Here are just some of the more interesting and unusual games that were on display at the recent Tokyo Game Show.
This year was a slightly different Tokyo Games show, with a strong focus on mobile gaming rather than standard console fare — in fact,. We'd seen more than a few of these titles before, but in the wake of another Tokyo Games Show, we thought we'd take a look at a few of the titles that impressed us.
A new take on the popular LBP world, Little Big Planet Karting is a competitive and co-op kart racer, with a focus on the user-generated content that made LBP a success.
A slightly surreal platformer for the PlayStation 3 that has some obvious influences from the days of 2D, where the soul of a young boy trapped in a wooden puppet tries to escape enslavement on the moon with the help of a wise-talking flying cat. Somehow, this isn't a horror title.
Final Fantasy XIV: A Realm Reborn
Can this new take on the Final Fantasy MMO help wash away the bad taste that many players have felt after its original incarnation? Square Enix certainly thinks so, and the trailer definitely hits all the right nostalgic notes.
DMC: Devil May Cry
Fan outcry over the new look for series protagonist Dante can't quash the anticipation for this new take on Devil May Cry — seriously, this game looks incredible.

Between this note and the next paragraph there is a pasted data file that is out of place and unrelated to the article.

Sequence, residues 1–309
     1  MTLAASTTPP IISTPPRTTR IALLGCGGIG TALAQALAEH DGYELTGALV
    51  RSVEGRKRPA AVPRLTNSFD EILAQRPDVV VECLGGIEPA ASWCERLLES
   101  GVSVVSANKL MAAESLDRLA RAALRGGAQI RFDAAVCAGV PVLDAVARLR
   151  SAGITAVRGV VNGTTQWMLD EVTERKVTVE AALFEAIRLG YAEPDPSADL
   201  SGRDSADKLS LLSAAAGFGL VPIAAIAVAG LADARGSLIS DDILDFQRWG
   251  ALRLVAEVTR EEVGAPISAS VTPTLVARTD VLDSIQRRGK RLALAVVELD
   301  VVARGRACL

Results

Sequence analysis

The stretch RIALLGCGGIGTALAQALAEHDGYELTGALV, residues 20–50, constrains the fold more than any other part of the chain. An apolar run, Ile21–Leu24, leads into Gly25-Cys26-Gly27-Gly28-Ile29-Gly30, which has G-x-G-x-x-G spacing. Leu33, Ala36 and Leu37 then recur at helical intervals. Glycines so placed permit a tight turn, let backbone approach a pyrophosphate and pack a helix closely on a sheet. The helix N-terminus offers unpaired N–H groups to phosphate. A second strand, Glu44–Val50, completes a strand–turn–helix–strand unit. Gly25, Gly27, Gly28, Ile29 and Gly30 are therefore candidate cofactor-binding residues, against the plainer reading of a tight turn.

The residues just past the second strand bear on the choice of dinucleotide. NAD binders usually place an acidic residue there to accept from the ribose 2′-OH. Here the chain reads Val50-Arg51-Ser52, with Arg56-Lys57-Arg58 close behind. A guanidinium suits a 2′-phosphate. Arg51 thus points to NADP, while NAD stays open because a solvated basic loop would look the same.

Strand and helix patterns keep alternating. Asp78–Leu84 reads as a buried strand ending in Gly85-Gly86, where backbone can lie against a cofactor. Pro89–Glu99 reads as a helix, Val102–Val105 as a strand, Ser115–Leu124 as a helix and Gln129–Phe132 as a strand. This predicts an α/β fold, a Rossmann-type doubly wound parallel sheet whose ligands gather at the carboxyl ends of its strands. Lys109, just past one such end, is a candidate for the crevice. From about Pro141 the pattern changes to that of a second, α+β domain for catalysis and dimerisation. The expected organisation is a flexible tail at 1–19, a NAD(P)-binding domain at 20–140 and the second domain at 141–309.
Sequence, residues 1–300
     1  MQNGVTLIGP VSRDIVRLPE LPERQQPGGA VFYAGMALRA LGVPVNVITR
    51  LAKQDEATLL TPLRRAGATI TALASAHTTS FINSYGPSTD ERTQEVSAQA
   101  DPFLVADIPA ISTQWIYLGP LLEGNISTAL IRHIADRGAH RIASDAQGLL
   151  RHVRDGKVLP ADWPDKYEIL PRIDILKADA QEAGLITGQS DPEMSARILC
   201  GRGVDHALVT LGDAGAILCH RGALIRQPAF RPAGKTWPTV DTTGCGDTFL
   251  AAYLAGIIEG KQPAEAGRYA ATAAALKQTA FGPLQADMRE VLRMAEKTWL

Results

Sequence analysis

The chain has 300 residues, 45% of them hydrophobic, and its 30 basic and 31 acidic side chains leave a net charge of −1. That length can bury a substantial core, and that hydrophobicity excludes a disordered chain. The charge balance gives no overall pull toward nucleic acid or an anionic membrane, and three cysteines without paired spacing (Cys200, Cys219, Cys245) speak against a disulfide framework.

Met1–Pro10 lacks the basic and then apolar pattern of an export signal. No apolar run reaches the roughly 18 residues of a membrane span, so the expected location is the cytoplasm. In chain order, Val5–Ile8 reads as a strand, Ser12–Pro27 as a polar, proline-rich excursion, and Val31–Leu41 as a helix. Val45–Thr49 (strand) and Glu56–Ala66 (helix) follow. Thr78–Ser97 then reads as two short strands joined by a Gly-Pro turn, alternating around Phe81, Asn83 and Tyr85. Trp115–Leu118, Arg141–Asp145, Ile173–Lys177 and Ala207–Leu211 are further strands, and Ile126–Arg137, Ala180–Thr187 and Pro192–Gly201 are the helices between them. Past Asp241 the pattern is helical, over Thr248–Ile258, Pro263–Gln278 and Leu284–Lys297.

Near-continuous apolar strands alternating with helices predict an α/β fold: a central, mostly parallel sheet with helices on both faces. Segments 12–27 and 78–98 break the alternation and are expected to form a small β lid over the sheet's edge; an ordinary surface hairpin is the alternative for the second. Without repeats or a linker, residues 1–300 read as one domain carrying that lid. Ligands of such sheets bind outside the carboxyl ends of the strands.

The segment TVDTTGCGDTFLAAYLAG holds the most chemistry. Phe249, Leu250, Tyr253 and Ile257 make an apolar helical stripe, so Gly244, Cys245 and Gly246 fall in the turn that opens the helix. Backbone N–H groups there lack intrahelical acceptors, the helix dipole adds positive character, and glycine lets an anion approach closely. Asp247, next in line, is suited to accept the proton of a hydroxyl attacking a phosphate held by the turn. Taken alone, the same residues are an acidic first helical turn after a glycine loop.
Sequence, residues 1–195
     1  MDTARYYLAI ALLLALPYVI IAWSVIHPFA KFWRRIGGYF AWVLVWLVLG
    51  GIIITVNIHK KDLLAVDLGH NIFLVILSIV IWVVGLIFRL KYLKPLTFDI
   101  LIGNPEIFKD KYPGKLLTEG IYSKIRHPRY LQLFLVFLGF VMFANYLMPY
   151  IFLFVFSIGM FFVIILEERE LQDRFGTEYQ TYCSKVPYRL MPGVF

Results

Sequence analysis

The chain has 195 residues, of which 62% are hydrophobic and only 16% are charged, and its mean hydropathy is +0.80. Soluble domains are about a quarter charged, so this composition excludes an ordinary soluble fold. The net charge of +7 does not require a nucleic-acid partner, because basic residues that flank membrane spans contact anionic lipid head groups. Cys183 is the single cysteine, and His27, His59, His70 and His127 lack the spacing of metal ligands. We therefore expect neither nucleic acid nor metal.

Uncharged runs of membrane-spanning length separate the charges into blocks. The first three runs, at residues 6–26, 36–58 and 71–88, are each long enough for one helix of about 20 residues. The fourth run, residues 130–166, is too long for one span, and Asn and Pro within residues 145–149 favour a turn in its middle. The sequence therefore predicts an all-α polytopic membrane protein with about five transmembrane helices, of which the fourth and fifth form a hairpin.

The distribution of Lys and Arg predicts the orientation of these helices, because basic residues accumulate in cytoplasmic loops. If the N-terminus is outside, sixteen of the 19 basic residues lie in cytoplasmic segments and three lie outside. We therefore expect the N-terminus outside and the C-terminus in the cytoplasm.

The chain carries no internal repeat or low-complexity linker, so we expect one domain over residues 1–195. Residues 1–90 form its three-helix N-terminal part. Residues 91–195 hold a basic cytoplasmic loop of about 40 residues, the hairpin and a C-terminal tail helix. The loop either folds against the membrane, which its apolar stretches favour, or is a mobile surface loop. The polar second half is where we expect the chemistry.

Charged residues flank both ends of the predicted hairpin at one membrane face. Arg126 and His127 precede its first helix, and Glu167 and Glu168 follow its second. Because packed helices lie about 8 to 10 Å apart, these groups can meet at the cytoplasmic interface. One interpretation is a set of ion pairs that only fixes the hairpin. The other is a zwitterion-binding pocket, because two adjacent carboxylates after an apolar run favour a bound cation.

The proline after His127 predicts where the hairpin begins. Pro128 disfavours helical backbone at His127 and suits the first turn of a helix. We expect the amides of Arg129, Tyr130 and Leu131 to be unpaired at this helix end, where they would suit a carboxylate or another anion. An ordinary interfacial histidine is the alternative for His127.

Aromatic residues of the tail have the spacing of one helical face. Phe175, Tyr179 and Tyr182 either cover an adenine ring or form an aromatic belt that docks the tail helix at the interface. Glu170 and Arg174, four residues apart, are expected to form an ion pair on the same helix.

The Last of Us
Naughty Dog leaves Nathan Drake's wise-cracking at the door with this grim, dark apocalyptic vision that owes more than a brief nod to Cormac McCarthy's The Road.
An action-RPG for the PS Vita that has an interesting gameplay twist: you can sacrifice body parts and items to strengthen your attacks. We're keen to see how this one plays.
The Unfinished Swan
Throw globs of black paint to reveal details on the featureless white space before you. An exploration game you need to watch to understand.
Professor Layton vs. Ace Attorney
Two Nintendo 3DS powerhouses meet for the first time in this ever so slightly baffling trailer.
Platinum Games' favourite witch gets a sequel with a catch — it's an exclusive on the Wii U. Will it help sell a lot of the new platform? Nintendo must be hoping so.
Somewhere between Inception and Total Recall (the good one, not the remake), Remember Me is a game of memory hacking and infiltration. Intriguing, to say the least.
Want some more Tokyo Game Show action? Check out the coverage from our sister-site Gamespot, as they look at the games that definitely need to be localised for a Western release: